Welcome to Sibafest!



Sibafest, the festival showcasing what is going on at the Sibelius Academy, is now in its seventh year, peeping out of the margins and ready to tickle your musical fancy.

We are tackling a serious topic, because the centenary of the Finnish Civil War of 1918 calls for it. We must understand what happened back then, but we must also be able to turn the pain and anguish into building blocks of peace. Just consider how relevant it is today to understand #KANSALAISRAUHA [civil peace], as we are plagued by uncertainty about what tomorrow will bring.

The entire purpose of what our international institution, the Sibelius Academy of the University of the Arts Helsinki, does is to achieve wellbeing and resonance between human hearts through the means of art. We do so by providing top-quality tuition and showcasing young talent as much as possible. We also want to present what our teachers are doing at our satellite units in Kuopio and Seinäjoki.

We want the Music Centre to be vibrant and alive throughout – including the corridors and foyers – for the duration of the festival. Therefore we begin on 27 January with a family day, where children are invited to swarm into the Music Centre and music education teachers and students will show what they can do. With this feelgood kickoff, Sibafest invites us to join hands and sing together, from heart to heart! The evening ends with a world music project where the Sibelius Academy Folk Big Band & Global Orchestra, with folk musicians and students from the Global Music training programme, perform with Pekko Käppi, who boldly goes beyond genre boundaries.

History is brought to life on 26–28 January with performances of A Soldier’s Tale by Igor Stravinsky, originally premiered in 1918. The production is created by Theatre Academy students with chamber musicians from the Sibelius Academy. An electrifying note is injected into winter darkness on 29 January with the Murhaballadeja 2018 [Murder Ballads] performance by Heikki Laitinen and Kimmo Pohjonen, an updated version of their already legendary blood-curdling production.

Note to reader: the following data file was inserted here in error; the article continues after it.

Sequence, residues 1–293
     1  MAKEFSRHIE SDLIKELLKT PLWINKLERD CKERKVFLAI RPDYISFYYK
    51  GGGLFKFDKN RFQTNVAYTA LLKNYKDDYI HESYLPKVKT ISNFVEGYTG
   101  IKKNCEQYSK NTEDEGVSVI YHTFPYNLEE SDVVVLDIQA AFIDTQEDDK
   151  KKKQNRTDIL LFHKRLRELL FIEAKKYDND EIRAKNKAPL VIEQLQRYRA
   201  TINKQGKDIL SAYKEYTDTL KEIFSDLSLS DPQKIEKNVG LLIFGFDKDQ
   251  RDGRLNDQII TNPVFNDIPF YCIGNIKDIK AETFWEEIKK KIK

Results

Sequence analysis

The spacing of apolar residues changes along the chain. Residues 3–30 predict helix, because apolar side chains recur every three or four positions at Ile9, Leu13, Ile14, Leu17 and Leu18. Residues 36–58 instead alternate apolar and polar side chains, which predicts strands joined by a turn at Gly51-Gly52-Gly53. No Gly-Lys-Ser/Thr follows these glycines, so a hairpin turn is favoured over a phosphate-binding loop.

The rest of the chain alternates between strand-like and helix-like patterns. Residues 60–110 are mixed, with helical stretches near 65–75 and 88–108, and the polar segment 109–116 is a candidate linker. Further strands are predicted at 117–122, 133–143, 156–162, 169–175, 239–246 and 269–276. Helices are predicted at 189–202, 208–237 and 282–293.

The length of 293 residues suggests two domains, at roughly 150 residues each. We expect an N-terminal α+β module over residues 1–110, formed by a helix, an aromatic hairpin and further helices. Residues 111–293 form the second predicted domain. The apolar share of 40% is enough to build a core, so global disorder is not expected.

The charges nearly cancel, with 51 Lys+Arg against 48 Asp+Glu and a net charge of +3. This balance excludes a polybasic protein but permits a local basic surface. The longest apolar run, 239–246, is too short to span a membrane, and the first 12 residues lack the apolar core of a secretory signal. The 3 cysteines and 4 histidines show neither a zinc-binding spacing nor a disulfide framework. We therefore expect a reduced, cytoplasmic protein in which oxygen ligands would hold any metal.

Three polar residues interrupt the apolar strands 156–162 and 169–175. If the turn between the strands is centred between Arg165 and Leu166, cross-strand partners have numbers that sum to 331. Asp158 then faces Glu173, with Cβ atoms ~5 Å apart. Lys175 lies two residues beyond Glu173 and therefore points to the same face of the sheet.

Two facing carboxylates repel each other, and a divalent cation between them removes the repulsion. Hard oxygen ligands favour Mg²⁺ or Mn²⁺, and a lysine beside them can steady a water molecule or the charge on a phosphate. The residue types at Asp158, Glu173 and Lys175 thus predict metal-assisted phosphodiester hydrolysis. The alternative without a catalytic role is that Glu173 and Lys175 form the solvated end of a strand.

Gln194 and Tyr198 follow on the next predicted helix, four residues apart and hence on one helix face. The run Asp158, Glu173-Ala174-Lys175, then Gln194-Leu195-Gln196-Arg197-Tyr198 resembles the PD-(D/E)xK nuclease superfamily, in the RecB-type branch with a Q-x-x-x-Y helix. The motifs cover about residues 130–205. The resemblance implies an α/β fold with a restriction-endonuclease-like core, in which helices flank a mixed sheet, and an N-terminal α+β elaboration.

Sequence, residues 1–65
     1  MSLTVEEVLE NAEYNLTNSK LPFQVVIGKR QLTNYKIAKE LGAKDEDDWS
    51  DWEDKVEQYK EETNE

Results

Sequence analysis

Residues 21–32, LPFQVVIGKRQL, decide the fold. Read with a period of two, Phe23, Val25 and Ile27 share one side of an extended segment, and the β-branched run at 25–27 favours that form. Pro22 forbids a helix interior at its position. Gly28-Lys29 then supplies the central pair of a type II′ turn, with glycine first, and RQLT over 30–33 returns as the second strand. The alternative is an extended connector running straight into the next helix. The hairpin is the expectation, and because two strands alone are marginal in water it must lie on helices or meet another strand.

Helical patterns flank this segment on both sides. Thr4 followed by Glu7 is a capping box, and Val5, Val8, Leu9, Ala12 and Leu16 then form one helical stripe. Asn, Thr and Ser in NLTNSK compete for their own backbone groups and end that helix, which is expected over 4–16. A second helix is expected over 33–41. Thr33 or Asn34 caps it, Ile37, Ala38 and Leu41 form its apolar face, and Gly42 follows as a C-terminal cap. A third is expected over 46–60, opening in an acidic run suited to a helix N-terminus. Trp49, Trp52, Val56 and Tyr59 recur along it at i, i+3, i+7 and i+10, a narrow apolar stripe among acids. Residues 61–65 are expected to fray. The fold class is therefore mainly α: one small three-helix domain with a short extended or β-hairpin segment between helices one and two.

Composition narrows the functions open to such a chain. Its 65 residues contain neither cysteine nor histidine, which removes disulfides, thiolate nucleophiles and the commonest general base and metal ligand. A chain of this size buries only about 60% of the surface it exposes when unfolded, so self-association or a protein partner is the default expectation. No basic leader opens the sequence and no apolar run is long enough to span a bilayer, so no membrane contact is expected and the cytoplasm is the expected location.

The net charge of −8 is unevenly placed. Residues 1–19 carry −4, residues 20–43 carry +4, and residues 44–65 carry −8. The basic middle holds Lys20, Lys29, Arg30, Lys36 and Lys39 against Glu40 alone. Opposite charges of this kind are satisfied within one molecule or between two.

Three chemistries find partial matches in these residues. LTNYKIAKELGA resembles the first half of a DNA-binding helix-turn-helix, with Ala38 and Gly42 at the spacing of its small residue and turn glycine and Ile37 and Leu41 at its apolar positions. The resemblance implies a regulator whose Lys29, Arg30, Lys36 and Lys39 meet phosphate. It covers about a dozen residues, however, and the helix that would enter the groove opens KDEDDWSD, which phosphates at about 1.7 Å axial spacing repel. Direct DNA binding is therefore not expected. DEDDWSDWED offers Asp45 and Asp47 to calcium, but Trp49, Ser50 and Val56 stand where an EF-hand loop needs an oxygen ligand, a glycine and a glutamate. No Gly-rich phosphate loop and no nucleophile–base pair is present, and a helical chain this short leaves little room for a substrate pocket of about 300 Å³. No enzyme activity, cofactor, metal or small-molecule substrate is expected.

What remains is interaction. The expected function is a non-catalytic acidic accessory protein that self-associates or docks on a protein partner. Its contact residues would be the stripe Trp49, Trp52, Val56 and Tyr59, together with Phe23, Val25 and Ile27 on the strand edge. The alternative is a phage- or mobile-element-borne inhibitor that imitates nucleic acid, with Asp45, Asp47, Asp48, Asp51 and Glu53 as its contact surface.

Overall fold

In addition to the Music Centre, there are performances at nearby churches: a church service at Kallio Church on 28 January with the music of Mozart – sung by everyone – and the oratorio The Triumph of Time and Truth by Händel at the Old Church on 1 February, a wonderful work rarely heard in our neighbourhood.

Sibafest includes a series of talks and panel discussions, beginning with the Oskar Merikanto 150 concert on 30 January. The series of four panel discussions involves topics such as the role of the artist in society, the role of public funding – and what an artist’s approach to war should be. The year 1918 was fatal for Toivo Kuula, but also vicariously for Leevi Madetoja. Teemu Keskisarja gives talks on both composers, whom he has studied extensively.

On the last day of the festival, 3 February, pianist Janne Oksanen performs the complete works for piano by Toivo Kuula. The concluding concert on the same evening is given by the Sibelius Academy Symphony Orchestra, conducted by myself. The programme features the Cello Concerto of Sauli Zinovjev, hot off the press, and Romeo and Juliet by Serge Prokofiev; the third work on the programme is Leevi Madetoja’s Second Symphony, written in memory of his brother Yrjö, who fell in the Civil War.

Join hands with us and come enjoy the Civil Peace!

Atso Almila, artistic director
Sibafest 2018